Zoë Kravitz Will Star in Gender-Swapped Remake of High Fidelity and I’m Not Sure How to Feel
It was announced today that Zoë Kravitz will star in a gender-flipped remake of High Fidelity, playing the role originated by John Cusack. Personally, my brain is perfectly split between a reaction of Yay! and Why?
On the one hand, Zoë Kravitz should be in everything. There’s also the added fun meta level of Kravitz’ mother Lisa Bonet having appeared in the original film as Marie DeSalle, the singer who gets fetishized and idealized by Cusack’s Rob. So this feels like some small karmic justice.
On the other hand, this seems like a strange choice for a gender-flip, since High Fidelity is basically an ode to toxic masculinity. The movie centers on Rob, an apathetic record-store owner who, in the midst of a breakup, recounts the five worst breakups of his life for the audience in a fourth-wall-busting style. Wondering why the women in his life always left him, he tracks down each of these exes in a quest for closure.
I grew up loving the film (and the Nick Hornsby novel it is based on), and it wasn’t until a rewatch just a couple of years ago that I fully realized how terrible Rob is. Sure, he admits that he’s “a fucking asshole” (before immediately attempting to justify his awful behavior), but the movie never commits to making him fully unlikeable. He’s possessive and selfish, dehumanizing the women in his life, turning them into fantasies and treating them terribly, and yet he’s still put forward as a relatable protagonist, and we’re meant to root for him and Laura to wind up together.
Watching High Fidelity now, almost 20 years after it came out, the character of Rob doesn’t fully hold up. Much like the ongoing debate over (500) Days of Summer, it’s not entirely clear whether we’re supposed to take the unreliable narrator’s depiction of events at face value or if he’s actually the one to blame for his failed relationship.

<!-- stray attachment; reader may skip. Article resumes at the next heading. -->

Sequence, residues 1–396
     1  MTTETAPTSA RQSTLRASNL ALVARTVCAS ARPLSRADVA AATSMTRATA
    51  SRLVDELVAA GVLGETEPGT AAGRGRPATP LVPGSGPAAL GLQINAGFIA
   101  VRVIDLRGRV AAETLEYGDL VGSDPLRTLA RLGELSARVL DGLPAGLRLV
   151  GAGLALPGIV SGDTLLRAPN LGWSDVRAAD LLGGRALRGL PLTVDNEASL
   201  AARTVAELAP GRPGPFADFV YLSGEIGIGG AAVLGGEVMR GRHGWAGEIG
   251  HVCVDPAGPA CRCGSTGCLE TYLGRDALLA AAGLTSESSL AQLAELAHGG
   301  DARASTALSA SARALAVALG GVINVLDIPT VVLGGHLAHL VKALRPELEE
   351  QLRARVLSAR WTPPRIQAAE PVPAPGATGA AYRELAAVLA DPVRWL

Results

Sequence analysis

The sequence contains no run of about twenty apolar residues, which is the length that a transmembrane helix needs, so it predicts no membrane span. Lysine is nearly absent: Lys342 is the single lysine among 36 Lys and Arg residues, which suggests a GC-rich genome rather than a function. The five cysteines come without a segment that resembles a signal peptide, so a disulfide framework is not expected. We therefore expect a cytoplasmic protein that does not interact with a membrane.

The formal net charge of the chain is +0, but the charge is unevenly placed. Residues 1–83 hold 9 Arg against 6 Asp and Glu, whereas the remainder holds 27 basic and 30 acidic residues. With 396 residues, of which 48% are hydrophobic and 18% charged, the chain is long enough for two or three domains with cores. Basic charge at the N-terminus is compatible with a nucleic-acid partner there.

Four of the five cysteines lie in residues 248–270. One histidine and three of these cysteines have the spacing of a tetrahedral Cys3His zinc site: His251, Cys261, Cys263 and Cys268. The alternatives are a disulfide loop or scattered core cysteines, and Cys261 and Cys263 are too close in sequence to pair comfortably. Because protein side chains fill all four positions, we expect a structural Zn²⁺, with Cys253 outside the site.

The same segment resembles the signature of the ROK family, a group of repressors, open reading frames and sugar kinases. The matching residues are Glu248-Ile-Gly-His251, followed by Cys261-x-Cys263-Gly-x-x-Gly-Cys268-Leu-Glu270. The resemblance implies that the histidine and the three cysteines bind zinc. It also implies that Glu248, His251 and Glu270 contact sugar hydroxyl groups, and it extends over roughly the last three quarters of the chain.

I would argue that while Summer’s Tom is clearly not meant to be a hero, the portrayal of Rob is murkier. Yes, both Rob and the audience are supposed to see how unfair and sometimes unkind he’s been to his girlfriends, but it seems like his realizations are supposed to equal atonement, and we’re meant to forgive Rob for his behavior. On rewatch though, I was struck by how unearned that forgiveness felt.
A gender-flipped remake has the opportunity to do some interesting things with these ideas and explore them in a more meaningful way than its predecessor did. This adaptation will be a television series, not a film, so it has the potential to dive deep if it so chooses. However, the series is being made for Disney’s direct-to-consumer streaming platform. It’s been described as having a PG-13, family-friendly feel, so maybe we shouldn’t get our hopes up for full exploration of the Rob character’s narcissistic sociopathy.
Or maybe the show will only keep the bare bones outline of the film and not create a lead that requires that level of investigation. What do you all think of the idea of a gender-flipped High Fidelity and what do you hope to see from it?
(via The Wrap, image: Jared Siskin/Getty Images for YSL)
Want more stories like this? Become a subscriber and support the site!
—The Mary Sue has a strict comment policy that forbids, but is not limited to, personal insults toward anyone, hate speech, and trolling.—
Have a tip we should know? firstname.lastname@example.org